The Trans-Pacific Partnership may officially be dead yet a looming free trade battle remains in the Pacific Rim.
In March, the Regional Comprehensive Economic Partnership concluded its 17th round of talks. RCEP is a five-year-old proposed trade agreement between 10 countries of the Association of Southeast Asian Nations, like India, China, and Laos and six states, like Japan and Australia, that have existing free trade agreements in the region. It’s essentially comprised of TPP nations, without the Americas and the United States.
RCEP trading partners represent 30 percent of global GDP and about half of the world’s population. As the talks continue, global health activists are alarmed. Like the TPP, the pharmaceutical industry has a lot at stake in this deal. So do much of the world’s poor.
Today the world’s largest pharmaceutical corporations dictate the way their products come to market. They sculpt global free trade.
Indeed, one of the most contentious parts of the TPP was providing excessive market protections for American drug companies and their allies. Nations push Big Pharma’s agendas, likely to curry favor with the industry and good will with countries in which its executives call home. The global health community must insist RCEP’s Big Pharma demands not find their way into the final agreement.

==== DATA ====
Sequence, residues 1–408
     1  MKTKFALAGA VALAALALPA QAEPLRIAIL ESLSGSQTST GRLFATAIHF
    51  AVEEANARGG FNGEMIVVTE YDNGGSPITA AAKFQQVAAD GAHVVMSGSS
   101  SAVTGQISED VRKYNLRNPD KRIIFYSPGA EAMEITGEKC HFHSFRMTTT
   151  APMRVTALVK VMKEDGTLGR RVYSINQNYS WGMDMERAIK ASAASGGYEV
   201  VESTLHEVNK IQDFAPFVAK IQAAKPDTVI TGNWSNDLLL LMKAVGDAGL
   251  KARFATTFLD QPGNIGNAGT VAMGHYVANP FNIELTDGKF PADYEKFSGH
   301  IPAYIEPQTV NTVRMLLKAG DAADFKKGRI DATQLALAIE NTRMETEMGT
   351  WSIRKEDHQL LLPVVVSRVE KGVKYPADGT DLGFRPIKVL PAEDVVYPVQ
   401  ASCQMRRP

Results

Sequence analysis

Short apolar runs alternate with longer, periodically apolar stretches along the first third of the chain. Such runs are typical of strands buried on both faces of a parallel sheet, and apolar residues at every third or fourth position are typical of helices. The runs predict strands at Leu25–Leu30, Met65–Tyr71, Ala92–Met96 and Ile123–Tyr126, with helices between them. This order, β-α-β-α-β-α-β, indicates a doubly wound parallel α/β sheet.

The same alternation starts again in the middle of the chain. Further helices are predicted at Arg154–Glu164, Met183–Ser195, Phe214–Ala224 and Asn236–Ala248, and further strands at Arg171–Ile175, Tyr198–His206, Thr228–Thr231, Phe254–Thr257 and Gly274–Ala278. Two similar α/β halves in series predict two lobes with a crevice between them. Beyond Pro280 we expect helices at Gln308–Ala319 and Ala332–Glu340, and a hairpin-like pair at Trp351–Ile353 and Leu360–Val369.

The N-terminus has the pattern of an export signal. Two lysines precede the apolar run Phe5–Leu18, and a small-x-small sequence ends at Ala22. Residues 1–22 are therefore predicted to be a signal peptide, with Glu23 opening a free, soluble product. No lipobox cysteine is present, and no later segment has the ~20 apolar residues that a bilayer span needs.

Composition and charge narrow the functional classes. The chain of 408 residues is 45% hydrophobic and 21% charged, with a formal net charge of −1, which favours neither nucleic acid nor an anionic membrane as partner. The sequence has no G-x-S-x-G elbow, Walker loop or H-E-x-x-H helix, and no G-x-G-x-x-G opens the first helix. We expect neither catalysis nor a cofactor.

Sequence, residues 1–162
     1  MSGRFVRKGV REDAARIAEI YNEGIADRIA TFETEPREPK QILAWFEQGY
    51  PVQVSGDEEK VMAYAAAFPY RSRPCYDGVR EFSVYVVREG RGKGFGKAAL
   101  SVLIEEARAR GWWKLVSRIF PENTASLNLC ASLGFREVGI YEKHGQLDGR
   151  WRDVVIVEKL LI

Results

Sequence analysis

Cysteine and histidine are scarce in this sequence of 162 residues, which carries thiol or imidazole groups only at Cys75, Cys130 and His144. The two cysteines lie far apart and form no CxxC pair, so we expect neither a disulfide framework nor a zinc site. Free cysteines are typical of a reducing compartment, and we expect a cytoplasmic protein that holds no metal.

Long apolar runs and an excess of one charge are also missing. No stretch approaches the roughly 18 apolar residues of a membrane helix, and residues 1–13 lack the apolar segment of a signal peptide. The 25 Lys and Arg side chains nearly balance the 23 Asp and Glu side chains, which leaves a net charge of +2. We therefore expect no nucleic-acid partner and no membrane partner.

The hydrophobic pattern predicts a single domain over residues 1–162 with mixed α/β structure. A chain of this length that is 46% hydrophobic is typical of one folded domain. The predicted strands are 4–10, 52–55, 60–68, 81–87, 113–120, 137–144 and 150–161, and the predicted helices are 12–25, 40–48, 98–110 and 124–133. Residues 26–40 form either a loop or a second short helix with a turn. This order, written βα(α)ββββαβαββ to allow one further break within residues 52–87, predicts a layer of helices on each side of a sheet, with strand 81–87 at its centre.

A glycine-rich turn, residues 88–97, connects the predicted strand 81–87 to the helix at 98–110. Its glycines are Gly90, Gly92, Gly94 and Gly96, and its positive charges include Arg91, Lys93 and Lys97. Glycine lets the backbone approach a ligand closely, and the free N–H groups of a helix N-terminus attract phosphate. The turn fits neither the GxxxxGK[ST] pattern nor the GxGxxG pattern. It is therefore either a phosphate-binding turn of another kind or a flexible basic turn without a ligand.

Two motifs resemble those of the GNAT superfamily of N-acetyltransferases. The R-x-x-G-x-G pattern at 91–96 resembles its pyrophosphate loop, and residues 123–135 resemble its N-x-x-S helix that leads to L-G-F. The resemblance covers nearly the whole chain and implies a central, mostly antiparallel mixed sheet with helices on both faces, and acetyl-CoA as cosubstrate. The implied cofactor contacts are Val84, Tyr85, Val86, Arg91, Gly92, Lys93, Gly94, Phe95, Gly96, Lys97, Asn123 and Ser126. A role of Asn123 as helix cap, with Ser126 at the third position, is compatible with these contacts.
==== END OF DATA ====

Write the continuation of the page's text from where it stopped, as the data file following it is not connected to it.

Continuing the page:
The RCEP negotiations are under wraps, without much input from public health experts. At the expense of medicine access, all 16 RCEP countries already accept fairly pro-Pharma terms like protecting 20-year patents for a swath of treatments that prohibit generic drug competition. Leaked text reveal South Korea and Japan advancing intellectual property provisions that go beyond current World Trade Organization arrangements.
In 1994 at the behest of the United States, the European Union, and other developed countries WTO member nations…